Following the destruction of the Buddha statues by the Taliban in 2001, the Government of Afghanistan and UNESCO carried out intensive conservation activities at the site. In 2003, the archaeological remains in Bamiyan were inscribed on the List of World Heritage and the List of Heritage in Danger.

From the beginning, the Government of Afghanistan has clearly stated a desire to rebuild the Buddha statues. Now, after many years of careful conservation and stabilisation work on the Eastern Buddha niche, the site is secure enough to consider potential revitalisation options.

A three-day technical meeting and one-day public symposium will be held in Tokyo in September 2017 to discuss the possibility of revitalising one or more of the Buddha statues within the Cultural Landscape and Archaeological Remains of the Bamiyan Valley World Heritage Property.

Revitalisation of cultural heritage due to acts of deliberate destruction must be addressed not merely from the point of a material conservation philosophy but within the context of holistic strategies for the protection of human rights and promotion of peace building. At the same time this needs to contribute to the protection of Outstanding of Universal Value (OUV) of the Bamiyan World Heritage Site.

The meeting will provide an opportunity to consider the possible revitalisation of the Buddha statues and the potential implications both regionally and internationally. It will also provide a forum for inclusive decision making with local community representatives, experts and Afghan Government stakeholders and to recognize the need for continued open discussion in relation to issues concerning the World Heritage Property, in local, regional and international levels. It is also prerequisite that the discussion be addressed to all related heritage conventions and charters.

The secondary reason for holding the technical meeting and symposium, is to discuss the positive role that the revitalisation of heritage can play in fostering nations’ understanding of their history and identity, recognition of human rights, mutual respect among peoples and of the diversity and equal dignity of the world’s cultures. It is of central significance to the technical meeting and symposium that the concerned government representatives, technical experts and donors recognize the importance of the role culture can play in the peace-building and development process specifically in conflict or post-conflict regions.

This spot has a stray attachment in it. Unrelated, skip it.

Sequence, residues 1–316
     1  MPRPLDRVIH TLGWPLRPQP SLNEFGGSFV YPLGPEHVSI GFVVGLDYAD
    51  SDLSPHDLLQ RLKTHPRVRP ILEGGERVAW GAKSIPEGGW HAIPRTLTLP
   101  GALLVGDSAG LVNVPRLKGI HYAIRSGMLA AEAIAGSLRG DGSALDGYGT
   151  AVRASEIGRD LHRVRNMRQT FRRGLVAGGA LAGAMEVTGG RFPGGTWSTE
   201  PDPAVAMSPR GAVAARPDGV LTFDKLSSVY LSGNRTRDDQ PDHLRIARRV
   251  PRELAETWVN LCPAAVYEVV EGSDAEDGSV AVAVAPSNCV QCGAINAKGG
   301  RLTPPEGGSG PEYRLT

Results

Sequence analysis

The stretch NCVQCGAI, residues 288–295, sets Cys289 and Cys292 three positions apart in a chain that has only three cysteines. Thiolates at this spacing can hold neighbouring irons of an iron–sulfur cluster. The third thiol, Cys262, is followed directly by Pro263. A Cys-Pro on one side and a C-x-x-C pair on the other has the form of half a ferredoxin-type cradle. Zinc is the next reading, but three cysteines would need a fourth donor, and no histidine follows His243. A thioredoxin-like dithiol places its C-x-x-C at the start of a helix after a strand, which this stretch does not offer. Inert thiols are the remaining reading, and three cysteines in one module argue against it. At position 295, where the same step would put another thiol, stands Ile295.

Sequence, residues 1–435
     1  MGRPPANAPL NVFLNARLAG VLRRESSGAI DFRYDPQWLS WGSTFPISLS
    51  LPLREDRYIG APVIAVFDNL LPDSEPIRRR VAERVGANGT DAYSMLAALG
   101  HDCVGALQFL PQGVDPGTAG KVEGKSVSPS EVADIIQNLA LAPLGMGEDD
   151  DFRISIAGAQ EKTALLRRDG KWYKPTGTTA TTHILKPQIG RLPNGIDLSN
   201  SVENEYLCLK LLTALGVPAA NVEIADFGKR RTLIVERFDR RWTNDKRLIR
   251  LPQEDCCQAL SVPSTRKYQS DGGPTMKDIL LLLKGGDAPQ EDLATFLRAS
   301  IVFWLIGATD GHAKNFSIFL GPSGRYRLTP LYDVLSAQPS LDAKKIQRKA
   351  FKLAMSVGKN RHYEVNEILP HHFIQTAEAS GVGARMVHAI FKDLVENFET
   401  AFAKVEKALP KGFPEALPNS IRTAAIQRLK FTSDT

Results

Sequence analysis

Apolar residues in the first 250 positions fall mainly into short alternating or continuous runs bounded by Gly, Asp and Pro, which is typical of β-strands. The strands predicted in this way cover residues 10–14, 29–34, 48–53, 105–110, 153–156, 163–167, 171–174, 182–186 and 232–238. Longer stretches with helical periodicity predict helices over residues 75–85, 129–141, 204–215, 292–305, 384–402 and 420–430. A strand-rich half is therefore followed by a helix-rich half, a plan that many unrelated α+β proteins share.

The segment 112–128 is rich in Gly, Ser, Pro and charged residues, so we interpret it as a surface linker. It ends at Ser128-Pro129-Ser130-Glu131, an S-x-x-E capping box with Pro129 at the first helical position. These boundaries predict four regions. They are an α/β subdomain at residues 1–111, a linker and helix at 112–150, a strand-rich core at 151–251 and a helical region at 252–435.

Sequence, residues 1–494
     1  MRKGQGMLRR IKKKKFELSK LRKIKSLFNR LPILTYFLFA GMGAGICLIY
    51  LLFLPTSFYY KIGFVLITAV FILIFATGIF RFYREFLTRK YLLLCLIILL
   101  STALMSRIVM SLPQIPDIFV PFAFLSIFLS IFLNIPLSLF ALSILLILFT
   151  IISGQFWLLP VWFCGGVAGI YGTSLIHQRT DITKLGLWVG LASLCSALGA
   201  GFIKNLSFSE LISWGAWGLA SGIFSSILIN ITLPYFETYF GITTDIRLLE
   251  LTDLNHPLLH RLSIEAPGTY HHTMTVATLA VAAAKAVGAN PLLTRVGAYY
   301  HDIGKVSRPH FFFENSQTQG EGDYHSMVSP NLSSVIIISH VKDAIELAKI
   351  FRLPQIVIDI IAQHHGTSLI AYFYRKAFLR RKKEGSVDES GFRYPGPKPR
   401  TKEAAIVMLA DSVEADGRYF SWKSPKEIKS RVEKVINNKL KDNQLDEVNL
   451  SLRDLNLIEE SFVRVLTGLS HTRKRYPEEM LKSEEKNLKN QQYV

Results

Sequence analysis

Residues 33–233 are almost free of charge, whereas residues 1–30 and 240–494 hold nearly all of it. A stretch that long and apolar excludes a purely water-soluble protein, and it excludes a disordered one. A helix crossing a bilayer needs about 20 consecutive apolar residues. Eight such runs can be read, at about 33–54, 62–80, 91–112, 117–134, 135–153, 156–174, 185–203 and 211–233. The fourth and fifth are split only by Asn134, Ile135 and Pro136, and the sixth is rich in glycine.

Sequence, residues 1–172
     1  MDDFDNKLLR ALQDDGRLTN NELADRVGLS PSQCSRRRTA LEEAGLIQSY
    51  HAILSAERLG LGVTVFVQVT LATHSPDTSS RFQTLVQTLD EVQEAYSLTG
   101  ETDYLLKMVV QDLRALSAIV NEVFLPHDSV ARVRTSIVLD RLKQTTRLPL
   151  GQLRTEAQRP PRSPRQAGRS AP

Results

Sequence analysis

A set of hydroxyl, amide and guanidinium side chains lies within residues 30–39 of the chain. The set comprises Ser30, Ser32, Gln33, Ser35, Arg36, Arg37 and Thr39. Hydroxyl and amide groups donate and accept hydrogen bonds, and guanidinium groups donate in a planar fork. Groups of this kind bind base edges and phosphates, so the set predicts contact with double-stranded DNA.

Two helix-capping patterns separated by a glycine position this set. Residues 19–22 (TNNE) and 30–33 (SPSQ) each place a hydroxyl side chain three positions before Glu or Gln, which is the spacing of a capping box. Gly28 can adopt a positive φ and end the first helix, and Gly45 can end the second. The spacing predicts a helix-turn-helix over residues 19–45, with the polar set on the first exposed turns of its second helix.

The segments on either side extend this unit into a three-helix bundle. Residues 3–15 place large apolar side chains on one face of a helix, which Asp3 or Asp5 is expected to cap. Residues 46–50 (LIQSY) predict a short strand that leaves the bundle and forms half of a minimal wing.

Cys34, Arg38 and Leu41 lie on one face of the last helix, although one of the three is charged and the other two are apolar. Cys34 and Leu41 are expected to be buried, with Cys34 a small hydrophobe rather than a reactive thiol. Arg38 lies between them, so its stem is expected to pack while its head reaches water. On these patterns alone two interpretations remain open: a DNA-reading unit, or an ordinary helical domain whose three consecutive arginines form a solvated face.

Throughout, participants will be invited to discuss how cultural heritage programmes can be better integrated with broader development and peace-building initiatives. The culture sector in Bamiyan is currently well poised to effect a fundamental contribution to peace and state- building initiatives through the promotion of a positive cross-cultural discussion, interaction, understanding and respect for cultural heterogeneity and human rights. Cultural heritage resources can be mobilized to this end, for example, by utilizing historical monuments that galvanize community support around historical and contemporary symbolic values; myth, ritual and religion that coalesce communities around movable, immovable, tangible and intangible heritage values. This process can create a platform for a clearer understanding of a nation’s origins and what it aspires to achieve in the future.



The Symposium will be convened to:

1.     Foster an exchange of research, experience and observations in order to clarify heritage conservation theory and practice of revitalisation of cultural properties. Such a dialogue will contribute to a better understanding of past approaches and current practice in order to provide guidance to meet the needs of the 21st century;

2.     Examine a number of technical proposals presented by international experts in their fields, concerning the potential revitalisation of one or more of the Buddha statue(s) at the Bamiyan World Heritage Property;

3.     Assess the practicality of the methods presented in (a) and likely financial and logistical practicalities;

4.     Discuss relevant issues pertaining to ‘authenticity’ and an impact to the Outstanding Universal Value at the site in light of potential revitalisation works at the Bamiyan World Heritage site;

5.     Discuss other issues related conservation, development, tourism and security that might arise as a result of potential revitalisation of one or more Buddha statue(s); and

6.     Advise the Government of Afghanistan, in compliance with the UNESCO World Heritage Convention and its Operational Guidelines as well as all related international conservation charters, on any potential issues that may arise as a result of interventions.


The Eastern Buddha Niche.  UNESCO’s Photo Competition, The Afghanistan we are proud of © Latif Azimi

The Eastern Buddha Niche. 

UNESCO’s Photo Competition, The Afghanistan we are proud of © Latif Azimi